It’s been two months since HONOR officially announced its HONOR VISION Smart TV, and officially joined the list of smartphone makers to branch out of the mobile business (after Xiaomi and OnePlus). In total, the brand released two models of the TV: the HONOR VISION and the HONOR VISION Pro.
Both models are a growing indication that HONOR isn’t content with just being a smartphone brand for the younger generation. It also wishes to penetrate the home entertainment and IoT system. Earlier today, HONOR gave us a chance to see its Smart TV at its office and experience it first-hand.
At first glance, the HONOR Vision Pro reminds me a lot of another thin bezel Smart TV, and that’s not exactly a bad thing. Aesthetically, the TV looks brilliantly simple; besides the brand’s name at the bottom of the display, the front is clean and free of any other blemish.
Round the back, the HONOR VISION Pro’s rear sports a plastic cover with polygons cut into it. More to the point, the TV’s overall thickness is slim. So, you’re probably wondering: what’s the difference between the HONOR VISION Pro and the non-Pro variant?
To be precise, there are just two difference between the models. First, the HONOR VISION Pro is the only model to ship out with the built-in, pop-up camera at the top of the TV. Lastly, the Pro variant of the TV comes with six 10-watt speakers built-in, while the non-Pro variant only has four 10-watt speakers.
Beyond those physical differences, the HONOR VISION Pro sports a 55-inch 4K display that comes with a 178° viewing angle. The ports are located around the back; these include a USB 3.0 port, three HDMI ports, what appears to be 3.5mm input port, a LAN port, one SPDIF port, and surprisingly, an optical port. On a side note, the TV is also supports Wi-Fi and Bluetooth connectivity, as well as Dolby Audio and DTS HD.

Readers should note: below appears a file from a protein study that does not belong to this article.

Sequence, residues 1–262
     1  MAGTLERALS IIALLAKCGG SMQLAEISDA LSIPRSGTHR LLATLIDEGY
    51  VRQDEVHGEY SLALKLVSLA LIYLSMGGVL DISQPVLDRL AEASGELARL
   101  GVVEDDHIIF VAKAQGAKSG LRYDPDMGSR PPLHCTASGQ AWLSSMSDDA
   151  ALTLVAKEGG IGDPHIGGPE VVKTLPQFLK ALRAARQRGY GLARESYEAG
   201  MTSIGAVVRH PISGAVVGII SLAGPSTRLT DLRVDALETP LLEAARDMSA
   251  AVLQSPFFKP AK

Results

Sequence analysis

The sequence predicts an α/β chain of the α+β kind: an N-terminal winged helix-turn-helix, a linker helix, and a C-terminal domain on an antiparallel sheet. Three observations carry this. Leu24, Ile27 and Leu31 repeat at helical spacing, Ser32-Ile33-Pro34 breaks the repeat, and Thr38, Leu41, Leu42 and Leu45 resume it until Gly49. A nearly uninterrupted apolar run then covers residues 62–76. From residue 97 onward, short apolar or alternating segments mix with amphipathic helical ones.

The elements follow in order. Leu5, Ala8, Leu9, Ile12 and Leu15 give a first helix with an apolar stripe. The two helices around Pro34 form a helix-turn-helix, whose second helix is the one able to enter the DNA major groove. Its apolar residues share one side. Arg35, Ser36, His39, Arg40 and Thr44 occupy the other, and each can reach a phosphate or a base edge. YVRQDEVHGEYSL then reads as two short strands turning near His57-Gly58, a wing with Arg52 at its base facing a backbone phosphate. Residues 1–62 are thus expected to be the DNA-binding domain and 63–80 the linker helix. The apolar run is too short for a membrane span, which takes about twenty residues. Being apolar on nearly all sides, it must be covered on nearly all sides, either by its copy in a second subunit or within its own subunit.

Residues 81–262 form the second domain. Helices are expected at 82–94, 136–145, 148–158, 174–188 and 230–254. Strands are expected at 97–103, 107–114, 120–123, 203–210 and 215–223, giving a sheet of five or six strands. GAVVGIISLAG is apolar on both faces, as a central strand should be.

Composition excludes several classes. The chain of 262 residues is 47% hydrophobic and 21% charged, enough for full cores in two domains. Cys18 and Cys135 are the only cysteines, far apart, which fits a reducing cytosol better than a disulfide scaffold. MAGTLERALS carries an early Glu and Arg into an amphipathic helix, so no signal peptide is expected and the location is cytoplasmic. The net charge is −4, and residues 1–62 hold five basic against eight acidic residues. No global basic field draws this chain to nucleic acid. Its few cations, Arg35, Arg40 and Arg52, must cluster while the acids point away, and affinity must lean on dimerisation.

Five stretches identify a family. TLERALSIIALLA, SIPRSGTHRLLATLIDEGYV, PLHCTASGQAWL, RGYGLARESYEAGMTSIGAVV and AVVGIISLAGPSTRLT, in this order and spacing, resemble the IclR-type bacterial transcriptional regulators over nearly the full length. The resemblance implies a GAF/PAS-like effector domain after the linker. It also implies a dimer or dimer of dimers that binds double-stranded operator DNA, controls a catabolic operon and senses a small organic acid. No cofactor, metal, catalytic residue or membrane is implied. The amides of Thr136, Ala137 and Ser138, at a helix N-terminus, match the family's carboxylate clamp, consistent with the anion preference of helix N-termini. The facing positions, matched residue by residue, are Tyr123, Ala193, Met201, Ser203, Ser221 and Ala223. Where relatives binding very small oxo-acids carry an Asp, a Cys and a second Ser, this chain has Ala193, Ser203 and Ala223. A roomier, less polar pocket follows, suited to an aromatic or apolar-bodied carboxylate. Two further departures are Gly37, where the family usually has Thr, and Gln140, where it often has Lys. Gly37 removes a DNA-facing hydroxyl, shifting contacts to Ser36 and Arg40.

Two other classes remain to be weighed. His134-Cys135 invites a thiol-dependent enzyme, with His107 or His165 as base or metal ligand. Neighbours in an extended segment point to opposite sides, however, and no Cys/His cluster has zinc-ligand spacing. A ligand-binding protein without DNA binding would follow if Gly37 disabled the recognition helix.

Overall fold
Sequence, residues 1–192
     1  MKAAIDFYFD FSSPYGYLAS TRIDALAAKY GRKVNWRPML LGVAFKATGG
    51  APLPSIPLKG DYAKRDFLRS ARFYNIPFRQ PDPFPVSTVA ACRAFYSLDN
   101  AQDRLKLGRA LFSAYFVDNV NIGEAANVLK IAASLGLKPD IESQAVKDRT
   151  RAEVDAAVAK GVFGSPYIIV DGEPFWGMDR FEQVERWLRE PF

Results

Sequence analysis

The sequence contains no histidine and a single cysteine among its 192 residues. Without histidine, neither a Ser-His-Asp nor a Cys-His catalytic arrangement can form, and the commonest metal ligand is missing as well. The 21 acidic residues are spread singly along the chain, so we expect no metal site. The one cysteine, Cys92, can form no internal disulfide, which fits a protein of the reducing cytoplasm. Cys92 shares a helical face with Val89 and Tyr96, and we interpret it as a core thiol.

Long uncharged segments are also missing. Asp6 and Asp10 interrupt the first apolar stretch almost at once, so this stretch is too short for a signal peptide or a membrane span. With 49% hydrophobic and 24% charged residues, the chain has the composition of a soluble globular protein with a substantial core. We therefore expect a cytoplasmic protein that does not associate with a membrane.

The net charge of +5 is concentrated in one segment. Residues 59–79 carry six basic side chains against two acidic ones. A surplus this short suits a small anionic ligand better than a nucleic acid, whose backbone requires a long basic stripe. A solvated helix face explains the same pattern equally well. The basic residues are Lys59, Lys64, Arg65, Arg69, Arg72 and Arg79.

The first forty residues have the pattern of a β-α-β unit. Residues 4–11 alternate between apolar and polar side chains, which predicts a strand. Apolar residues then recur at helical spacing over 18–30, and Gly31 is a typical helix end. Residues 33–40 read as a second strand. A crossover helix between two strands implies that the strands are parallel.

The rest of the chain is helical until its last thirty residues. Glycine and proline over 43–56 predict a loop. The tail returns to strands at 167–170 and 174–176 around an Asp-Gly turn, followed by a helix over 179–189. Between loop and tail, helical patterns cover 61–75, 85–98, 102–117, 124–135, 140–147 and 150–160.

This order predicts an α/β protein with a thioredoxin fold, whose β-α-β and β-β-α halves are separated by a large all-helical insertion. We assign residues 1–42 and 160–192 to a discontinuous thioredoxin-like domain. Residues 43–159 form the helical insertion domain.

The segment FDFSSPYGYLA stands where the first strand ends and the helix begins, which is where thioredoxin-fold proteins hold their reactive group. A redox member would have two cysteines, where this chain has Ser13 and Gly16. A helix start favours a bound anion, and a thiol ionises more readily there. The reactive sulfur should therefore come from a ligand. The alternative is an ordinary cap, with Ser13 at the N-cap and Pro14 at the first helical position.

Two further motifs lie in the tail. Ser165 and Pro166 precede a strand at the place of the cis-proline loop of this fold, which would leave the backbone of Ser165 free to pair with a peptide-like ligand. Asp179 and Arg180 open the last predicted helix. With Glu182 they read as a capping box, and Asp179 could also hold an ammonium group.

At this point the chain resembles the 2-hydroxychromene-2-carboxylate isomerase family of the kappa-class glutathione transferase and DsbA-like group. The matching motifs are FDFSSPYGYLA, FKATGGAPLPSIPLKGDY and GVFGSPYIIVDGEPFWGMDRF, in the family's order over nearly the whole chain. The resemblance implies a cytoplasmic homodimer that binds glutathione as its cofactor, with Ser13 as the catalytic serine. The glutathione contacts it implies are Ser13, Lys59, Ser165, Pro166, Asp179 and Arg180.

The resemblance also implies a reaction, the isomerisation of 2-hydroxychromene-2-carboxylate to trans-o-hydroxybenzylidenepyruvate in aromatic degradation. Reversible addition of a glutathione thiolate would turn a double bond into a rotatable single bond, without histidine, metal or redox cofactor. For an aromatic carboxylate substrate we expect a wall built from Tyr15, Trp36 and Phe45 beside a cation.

At the heart of the HONOR VISION Pro lies the Honghu 818 chipset, along with 2GB RAM and an internal storage capacity of 32GB. Running on top of that is the HarmonyOS; the operating system built specifically for the HONOR VISION Pro.
Now, to be fair, the HONOR VISION Pro I played around with came directly from China, which means that everything is in Chinese. As you can imagine, navigating through it was a pretty big hurdle for me. Like all smart TVs, the HONOR VISION Pro has its own AI assistant; its name is YoYo, and like everything else on the TV, YoYo can only converse in Chinese.
Of course, like all Smart TV, you can also navigate through the HONOR VISION Pro with a smartphone. In this case, however, the feature is only accessible to both HONOR and Huawei devices. You can also mirror the content of your phone directly on to the TV, but again, you’re only able to do it via HONOR and Huawei-based mobile devices and a specific app.
The language barrier aside, once we got going, the HONOR VISION Pro was relatively fast and responsive. Asking YoYo to perform rudimentary tasks – we got it increasing the volume and brightness of the TV – takes a few short seconds, but what is impressive is its ability to conduct more complex tasks. Such as searching for a specific episode of a particular TV series.
Even more impressive is how the HONOR VISION Pro has access to an entire library of movies and TV shows. Unfortunately, these shows aren’t for free; like most streaming services, you’ll need a premium subscription of sorts to a Huawei account in order to watch entire shows. Otherwise, the most you’ll get is a six minute taster of the movie on offer.
Moving forward, the pop-up camera of the HONOR VISION Pro isn’t there for decoration. Provided you have a decent enough connection to the internet, you can use the TV to engage in a conference call with another person. And before you ask, yes; you can use the camera to take pictures.
As it stands, the HONOR VISION Pro is only available in China. I did ask HONOR when the TV will see circulation outside of China, to which it said that it was unsure. I also asked if HONOR would consider providing access to non-Google related apps and services (e.g. Spotify, Netflix, Facebook, etc.) to the HarmonyOS, to which it said it was looking into it, but still was unable to provide an answer.